I love this place. I really, really do. It’s still intoxicating to me. There are still those late nights walking down those narrow streets where the trees cast shadows like memories across the double yellow line and I can barely take it. But before the hangover sets in it’s time to leave.
I’ve been here for almost five years—1800 some odd days. That means I’ve spent more time in this City than anywhere but where I was born. And boy has it changed me, I mean my god has it changed me. From the decisions I’ve made (some good, some bad) to the adventures I’ve taken (some planned, some not) to the people I’ve met (some friends, some passing acquaintances).
I called moving here a horrible mistake. I had just left a place I had loved and it was full of friends. I knew no one in this marble-covered town. I knew only that you couldn’t drink on the streets, which, as far as first impressions go, should tell you something about a place’s priorities. Read More
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For whatever reason, sometimes a line from a song or movie will really stay with us. And sometimes it’s hard to explain why. Content, context, and delivery probably have a lot to do with it, I’m sure. But that’s rarely the whole story. Sometimes we just relate. We connect. We ascribe meaning, even when we can’t actually put our finger on what exactly it is. That’s where this all begins—with that kind of line.
Up in the Air is a perfectly adequate film.1 Ryan Bingham is a “career transition counselor,” which is a polite way of saying he fires people. He spends most of his time figuratively “on the road,” but literally “up in the air,” as he flies around the country doing the dirty work upper management no longer seems to have the stomach for. But “up in the air” is also a statement about Ryan’s personal life. His continuous travel comes at the expense of keeping in touch with his family and developing real relationships.2 In fact, it appears that Ryan’s only ambition in life is to earn 10 million frequent flier miles, a feat achieved by only six people before him. Read More
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It is a very dreary, very rainy Sunday in New Orleans.
Another way to say that is this: It has rained for the past twelve hours, and I live in a bowl.
The weather and my hangover are debilitating; I have slept away the morning, napped most of the afternoon. I wake up violently into my gray bedroom. I am filled with the anxiety of a day wasted, the anxiety of a mind that has been allowed to idle—to drift in and out of consciousness—too long.
I attempt to reign in this mind that is supposedly my own, to occupy it with a series of menial household chores. I consult the list written on the notepad resting on the desk (sitting in the room rented above the restaurant selling noodles to the people surrounded by the Gulf feeding into the ocean covering the sphere drifting through the infinity).
Another way to say that is this: I start the laundry, do the dishes, and lay out my clothes for work on Monday. Read More
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There’s no pretty way to put this. I grew up in the suburbs. . . . In a way, those really were the wonder years for us there in the suburbs.
Although I love The Wonder Years, I can’t speak to whether Kevin Arnold was right or not. I didn’t grow up in the suburbs, and I don’t know whether they were any more wonderful than any other place. But I do know that my generation doesn’t do suburbs. At least not all of us. We do gentrification. And while we, as a generation, might think it makes us “different” (indeed, that’s the point) or makes us more “cultured” (also, the point) than the suburbanites before us, it doesn’t. It is, I think, just a suburb in a different dress.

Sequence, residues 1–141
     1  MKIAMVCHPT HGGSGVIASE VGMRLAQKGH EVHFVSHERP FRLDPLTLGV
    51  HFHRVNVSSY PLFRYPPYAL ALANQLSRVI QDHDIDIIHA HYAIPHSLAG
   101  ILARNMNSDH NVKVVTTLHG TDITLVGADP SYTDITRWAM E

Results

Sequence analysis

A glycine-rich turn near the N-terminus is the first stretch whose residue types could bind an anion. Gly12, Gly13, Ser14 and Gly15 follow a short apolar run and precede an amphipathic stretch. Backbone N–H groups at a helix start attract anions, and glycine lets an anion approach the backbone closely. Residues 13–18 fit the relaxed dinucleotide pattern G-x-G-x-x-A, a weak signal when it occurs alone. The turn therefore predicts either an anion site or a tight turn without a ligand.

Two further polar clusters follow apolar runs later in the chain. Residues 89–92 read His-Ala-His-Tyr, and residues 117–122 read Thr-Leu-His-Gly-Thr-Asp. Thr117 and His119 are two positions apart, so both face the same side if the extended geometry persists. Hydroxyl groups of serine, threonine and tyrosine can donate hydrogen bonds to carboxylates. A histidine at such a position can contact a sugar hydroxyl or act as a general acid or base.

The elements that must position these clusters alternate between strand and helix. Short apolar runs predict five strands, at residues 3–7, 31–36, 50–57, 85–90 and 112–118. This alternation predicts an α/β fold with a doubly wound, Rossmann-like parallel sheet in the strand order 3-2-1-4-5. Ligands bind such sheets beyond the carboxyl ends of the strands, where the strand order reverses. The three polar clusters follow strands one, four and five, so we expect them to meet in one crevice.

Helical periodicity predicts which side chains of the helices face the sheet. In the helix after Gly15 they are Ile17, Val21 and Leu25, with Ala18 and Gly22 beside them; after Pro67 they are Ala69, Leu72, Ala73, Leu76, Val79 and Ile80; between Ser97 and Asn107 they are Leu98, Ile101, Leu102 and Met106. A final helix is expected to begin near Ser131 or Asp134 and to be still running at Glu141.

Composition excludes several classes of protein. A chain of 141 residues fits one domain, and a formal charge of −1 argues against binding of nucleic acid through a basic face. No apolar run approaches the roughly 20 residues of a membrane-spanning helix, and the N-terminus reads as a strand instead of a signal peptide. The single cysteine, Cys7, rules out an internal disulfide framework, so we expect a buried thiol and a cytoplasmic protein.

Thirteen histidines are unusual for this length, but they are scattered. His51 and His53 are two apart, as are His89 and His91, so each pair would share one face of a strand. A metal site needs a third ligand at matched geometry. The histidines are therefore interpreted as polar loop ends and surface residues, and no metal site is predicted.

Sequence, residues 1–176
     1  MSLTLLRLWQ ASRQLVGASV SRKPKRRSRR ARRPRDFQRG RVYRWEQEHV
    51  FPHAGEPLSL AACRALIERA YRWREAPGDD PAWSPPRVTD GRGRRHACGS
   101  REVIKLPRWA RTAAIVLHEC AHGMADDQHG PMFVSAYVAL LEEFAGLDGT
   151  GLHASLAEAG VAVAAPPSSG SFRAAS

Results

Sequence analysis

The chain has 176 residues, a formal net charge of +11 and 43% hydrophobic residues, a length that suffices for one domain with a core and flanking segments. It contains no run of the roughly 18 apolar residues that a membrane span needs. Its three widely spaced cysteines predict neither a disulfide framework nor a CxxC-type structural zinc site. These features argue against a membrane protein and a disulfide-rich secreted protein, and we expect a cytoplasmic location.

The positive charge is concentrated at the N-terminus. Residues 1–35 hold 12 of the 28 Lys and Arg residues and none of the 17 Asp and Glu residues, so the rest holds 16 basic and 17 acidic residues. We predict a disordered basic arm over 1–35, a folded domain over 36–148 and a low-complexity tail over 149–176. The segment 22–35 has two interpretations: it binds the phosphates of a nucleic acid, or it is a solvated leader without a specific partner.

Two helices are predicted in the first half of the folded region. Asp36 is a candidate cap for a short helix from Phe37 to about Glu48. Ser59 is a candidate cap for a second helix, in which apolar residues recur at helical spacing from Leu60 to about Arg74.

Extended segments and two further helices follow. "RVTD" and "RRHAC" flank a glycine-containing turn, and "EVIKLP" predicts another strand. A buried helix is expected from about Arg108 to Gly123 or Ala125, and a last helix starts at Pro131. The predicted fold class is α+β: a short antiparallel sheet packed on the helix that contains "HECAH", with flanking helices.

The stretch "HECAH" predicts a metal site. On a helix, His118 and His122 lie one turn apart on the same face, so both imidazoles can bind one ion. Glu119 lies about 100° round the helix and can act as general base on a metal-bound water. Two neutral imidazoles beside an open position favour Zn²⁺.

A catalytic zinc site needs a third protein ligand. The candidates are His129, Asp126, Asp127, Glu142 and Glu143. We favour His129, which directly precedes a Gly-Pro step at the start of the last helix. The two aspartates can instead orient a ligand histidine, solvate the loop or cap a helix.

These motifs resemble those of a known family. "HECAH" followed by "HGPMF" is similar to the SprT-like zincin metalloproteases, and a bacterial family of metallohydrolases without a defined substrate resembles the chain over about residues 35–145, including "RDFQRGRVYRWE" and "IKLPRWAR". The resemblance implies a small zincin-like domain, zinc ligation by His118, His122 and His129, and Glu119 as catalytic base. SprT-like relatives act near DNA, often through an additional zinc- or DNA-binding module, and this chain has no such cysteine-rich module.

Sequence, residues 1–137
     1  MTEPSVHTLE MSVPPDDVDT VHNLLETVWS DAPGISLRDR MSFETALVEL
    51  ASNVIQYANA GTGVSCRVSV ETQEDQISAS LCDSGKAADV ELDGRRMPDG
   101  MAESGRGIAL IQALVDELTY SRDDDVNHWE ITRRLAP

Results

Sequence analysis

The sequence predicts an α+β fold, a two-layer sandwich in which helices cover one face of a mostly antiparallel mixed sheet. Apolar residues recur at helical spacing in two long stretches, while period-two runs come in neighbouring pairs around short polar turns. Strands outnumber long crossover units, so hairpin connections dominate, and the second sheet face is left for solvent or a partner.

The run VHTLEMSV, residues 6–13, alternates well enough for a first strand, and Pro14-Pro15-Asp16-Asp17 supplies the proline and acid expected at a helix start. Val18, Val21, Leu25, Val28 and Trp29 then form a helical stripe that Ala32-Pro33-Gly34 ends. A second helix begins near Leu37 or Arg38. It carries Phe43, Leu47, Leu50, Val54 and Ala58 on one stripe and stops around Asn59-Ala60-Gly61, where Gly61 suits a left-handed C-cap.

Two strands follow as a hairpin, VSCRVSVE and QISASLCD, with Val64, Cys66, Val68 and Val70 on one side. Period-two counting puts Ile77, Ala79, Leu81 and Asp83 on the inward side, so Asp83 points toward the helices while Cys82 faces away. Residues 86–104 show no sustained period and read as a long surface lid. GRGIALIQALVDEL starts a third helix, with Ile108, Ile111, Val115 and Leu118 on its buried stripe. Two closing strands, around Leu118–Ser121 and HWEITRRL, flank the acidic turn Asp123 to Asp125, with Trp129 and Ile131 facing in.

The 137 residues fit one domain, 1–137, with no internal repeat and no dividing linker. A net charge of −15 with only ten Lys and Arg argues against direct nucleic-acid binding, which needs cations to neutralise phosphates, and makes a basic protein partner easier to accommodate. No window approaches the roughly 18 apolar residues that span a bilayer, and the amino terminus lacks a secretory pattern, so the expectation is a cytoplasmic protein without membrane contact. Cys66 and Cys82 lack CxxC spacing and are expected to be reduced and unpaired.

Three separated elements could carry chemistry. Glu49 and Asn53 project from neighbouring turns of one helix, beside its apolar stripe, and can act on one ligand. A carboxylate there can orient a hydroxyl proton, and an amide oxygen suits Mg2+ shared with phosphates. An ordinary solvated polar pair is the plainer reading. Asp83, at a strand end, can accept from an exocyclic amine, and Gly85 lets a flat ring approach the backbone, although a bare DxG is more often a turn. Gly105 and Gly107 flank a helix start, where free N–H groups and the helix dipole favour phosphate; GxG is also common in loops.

Gentrification has best been defined as “[w]hen ‘urban renewal’ of lower class neighborhoods with condos attracts yuppie tenants, driving up rents and driving out long time, lower income residents.” Traditionally, it arrived with the “local artists looking for a cheap place to live,” which in turn gave “the neighborhood a bohemian flair.” It resulted in a noticeably changing neighborhood with modish cafes and bars and shuttered local establishments. The debate over its effect on communities in cities across the country and world has raged and raged. (Certainly, I’m not here going to enter the fray on this heated debate.) Read More
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As we pedaled harder and harder into the night, the distant lights pulsed. They streaked. They spun. They multiplied and minute-by-minute receded into where the horizon should have been but wasn’t. We were so distracted by the spectacle that we never noticed the ground fall away from our tires. We were free falling. Sailing through the cosmos on machines of light. Suddenly, I was aware of it. My heart shuddered. My stomach turned. Don’t look down. I looked down. I found reality in the under glow of my bicycle. I put it away. Back up and I felt the infinite flatness of all things. It consumed me. I opened up. My vision bloomed. The desert was pregnant with life, but everyone was invisible. We crossed their paths like signals through a circuit, waveforms drenched in darkness. We became tangled in a tractor beam. It towed us towards a stage, which emitted dazzling color and sound that soaked my bones. It was an organism, and around it stirred the nocturnal fur people. The earth tilted. My stomach turned. We lay supine beneath the sky. The stars fell around us and the clouds birthed a caterpillar consuming itself. Read More